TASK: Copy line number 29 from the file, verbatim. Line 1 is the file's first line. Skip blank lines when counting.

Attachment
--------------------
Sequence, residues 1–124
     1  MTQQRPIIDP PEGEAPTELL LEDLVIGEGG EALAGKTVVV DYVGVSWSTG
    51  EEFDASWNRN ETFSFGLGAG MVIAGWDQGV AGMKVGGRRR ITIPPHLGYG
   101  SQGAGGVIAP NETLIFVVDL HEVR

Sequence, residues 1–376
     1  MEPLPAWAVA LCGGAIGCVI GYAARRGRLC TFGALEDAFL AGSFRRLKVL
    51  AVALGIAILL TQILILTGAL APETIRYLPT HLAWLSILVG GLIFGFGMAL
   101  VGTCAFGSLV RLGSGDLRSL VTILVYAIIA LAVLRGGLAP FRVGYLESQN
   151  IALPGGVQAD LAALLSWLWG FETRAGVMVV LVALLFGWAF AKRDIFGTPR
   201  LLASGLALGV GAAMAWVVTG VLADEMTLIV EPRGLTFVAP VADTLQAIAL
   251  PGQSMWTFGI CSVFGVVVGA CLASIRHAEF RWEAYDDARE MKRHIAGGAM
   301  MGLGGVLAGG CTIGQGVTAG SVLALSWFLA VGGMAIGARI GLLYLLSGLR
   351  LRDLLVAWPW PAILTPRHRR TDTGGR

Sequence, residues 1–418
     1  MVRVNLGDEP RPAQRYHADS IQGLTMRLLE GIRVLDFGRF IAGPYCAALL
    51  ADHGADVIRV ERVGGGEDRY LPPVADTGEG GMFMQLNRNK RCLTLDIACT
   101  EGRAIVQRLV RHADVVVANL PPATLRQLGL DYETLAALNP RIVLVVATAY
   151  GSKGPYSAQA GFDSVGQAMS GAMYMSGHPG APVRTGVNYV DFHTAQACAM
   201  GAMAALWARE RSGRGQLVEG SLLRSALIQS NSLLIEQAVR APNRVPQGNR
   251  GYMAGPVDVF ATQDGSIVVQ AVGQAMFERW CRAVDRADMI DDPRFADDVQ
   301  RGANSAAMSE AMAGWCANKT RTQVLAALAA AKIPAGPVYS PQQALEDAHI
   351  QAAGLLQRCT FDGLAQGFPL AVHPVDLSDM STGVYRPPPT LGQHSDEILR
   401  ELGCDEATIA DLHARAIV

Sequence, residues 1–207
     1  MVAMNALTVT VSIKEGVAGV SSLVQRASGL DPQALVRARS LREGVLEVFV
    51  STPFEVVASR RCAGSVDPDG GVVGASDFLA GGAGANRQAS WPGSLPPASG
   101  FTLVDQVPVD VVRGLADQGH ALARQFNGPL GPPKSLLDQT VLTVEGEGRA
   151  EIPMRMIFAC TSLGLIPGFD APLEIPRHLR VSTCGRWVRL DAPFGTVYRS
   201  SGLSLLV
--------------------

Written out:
   201  SGLSLLV